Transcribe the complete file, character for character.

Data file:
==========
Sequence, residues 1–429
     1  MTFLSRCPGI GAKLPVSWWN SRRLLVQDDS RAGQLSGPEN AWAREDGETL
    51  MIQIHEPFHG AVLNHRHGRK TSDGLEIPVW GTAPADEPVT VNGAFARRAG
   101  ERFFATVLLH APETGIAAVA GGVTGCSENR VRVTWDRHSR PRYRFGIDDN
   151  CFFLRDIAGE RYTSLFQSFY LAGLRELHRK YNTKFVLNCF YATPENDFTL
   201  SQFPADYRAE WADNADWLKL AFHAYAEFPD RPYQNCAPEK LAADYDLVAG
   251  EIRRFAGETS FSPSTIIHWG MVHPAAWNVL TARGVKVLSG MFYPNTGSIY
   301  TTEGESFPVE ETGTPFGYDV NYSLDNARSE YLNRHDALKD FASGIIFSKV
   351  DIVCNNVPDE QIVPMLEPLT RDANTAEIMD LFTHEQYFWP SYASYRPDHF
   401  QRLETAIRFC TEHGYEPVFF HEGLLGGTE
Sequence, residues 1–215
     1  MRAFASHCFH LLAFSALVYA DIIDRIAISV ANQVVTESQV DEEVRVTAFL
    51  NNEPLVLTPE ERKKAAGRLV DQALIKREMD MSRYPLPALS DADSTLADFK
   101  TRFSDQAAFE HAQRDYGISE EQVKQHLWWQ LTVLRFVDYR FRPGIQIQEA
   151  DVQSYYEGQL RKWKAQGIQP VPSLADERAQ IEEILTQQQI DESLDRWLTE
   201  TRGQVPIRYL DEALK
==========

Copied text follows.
Sequence, residues 1–429
     1  MTFLSRCPGI GAKLPVSWWN SRRLLVQDDS RAGQLSGPEN AWAREDGETL
    51  MIQIHEPFHG AVLNHRHGRK TSDGLEIPVW GTAPADEPVT VNGAFARRAG
   101  ERFFATVLLH APETGIAAVA GGVTGCSENR VRVTWDRHSR PRYRFGIDDN
   151  CFFLRDIAGE RYTSLFQSFY LAGLRELHRK YNTKFVLNCF YATPENDFTL
   201  SQFPADYRAE WADNADWLKL AFHAYAEFPD RPYQNCAPEK LAADYDLVAG
   251  EIRRFAGETS FSPSTIIHWG MVHPAAWNVL TARGVKVLSG MFYPNTGSIY
   301  TTEGESFPVE ETGTPFGYDV NYSLDNARSE YLNRHDALKD FASGIIFSKV
   351  DIVCNNVPDE QIVPMLEPLT RDANTAEIMD LFTHEQYFWP SYASYRPDHF
   401  QRLETAIRFC TEHGYEPVFF HEGLLGGTE
Sequence, residues 1–215
     1  MRAFASHCFH LLAFSALVYA DIIDRIAISV ANQVVTESQV DEEVRVTAFL
    51  NNEPLVLTPE ERKKAAGRLV DQALIKREMD MSRYPLPALS DADSTLADFK
   101  TRFSDQAAFE HAQRDYGISE EQVKQHLWWQ LTVLRFVDYR FRPGIQIQEA
   151  DVQSYYEGQL RKWKAQGIQP VPSLADERAQ IEEILTQQQI DESLDRWLTE
   201  TRGQVPIRYL DEALK